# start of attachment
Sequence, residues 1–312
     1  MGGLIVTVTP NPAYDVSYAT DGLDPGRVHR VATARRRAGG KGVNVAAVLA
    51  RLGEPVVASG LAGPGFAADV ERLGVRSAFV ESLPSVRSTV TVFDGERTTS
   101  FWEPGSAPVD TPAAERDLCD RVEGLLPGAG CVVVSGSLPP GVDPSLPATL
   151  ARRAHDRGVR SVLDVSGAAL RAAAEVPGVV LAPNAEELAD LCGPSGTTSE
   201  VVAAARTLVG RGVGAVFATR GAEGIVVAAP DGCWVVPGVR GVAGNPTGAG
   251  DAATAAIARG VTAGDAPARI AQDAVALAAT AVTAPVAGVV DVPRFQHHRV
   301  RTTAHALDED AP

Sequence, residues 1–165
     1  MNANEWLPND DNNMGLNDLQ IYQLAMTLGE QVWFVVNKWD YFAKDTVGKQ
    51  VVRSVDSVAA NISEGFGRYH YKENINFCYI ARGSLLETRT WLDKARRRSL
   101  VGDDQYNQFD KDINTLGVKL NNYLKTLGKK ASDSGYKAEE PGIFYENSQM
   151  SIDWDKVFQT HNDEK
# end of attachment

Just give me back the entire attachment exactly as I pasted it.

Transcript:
Sequence, residues 1–312
     1  MGGLIVTVTP NPAYDVSYAT DGLDPGRVHR VATARRRAGG KGVNVAAVLA
    51  RLGEPVVASG LAGPGFAADV ERLGVRSAFV ESLPSVRSTV TVFDGERTTS
   101  FWEPGSAPVD TPAAERDLCD RVEGLLPGAG CVVVSGSLPP GVDPSLPATL
   151  ARRAHDRGVR SVLDVSGAAL RAAAEVPGVV LAPNAEELAD LCGPSGTTSE
   201  VVAAARTLVG RGVGAVFATR GAEGIVVAAP DGCWVVPGVR GVAGNPTGAG
   251  DAATAAIARG VTAGDAPARI AQDAVALAAT AVTAPVAGVV DVPRFQHHRV
   301  RTTAHALDED AP

Sequence, residues 1–165
     1  MNANEWLPND DNNMGLNDLQ IYQLAMTLGE QVWFVVNKWD YFAKDTVGKQ
    51  VVRSVDSVAA NISEGFGRYH YKENINFCYI ARGSLLETRT WLDKARRRSL
   101  VGDDQYNQFD KDINTLGVKL NNYLKTLGKK ASDSGYKAEE PGIFYENSQM
   151  SIDWDKVFQT HNDEK